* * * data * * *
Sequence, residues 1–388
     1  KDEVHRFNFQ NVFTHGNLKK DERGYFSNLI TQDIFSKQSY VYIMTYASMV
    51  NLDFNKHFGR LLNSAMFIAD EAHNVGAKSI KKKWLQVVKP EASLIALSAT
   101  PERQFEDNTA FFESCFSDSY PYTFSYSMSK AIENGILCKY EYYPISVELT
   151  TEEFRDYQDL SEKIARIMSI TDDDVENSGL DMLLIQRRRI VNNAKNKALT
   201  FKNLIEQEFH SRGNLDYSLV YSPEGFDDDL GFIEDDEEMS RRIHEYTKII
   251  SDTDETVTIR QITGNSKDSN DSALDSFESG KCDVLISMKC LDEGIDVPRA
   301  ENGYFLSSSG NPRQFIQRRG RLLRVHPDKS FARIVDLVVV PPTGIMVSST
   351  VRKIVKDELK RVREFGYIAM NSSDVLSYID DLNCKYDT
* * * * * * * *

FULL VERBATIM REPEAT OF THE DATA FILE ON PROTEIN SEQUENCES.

Sequence, residues 1–388
     1  KDEVHRFNFQ NVFTHGNLKK DERGYFSNLI TQDIFSKQSY VYIMTYASMV
    51  NLDFNKHFGR LLNSAMFIAD EAHNVGAKSI KKKWLQVVKP EASLIALSAT
   101  PERQFEDNTA FFESCFSDSY PYTFSYSMSK AIENGILCKY EYYPISVELT
   151  TEEFRDYQDL SEKIARIMSI TDDDVENSGL DMLLIQRRRI VNNAKNKALT
   201  FKNLIEQEFH SRGNLDYSLV YSPEGFDDDL GFIEDDEEMS RRIHEYTKII
   251  SDTDETVTIR QITGNSKDSN DSALDSFESG KCDVLISMKC LDEGIDVPRA
   301  ENGYFLSSSG NPRQFIQRRG RLLRVHPDKS FARIVDLVVV PPTGIMVSST
   351  VRKIVKDELK RVREFGYIAM NSSDVLSYID DLNCKYDT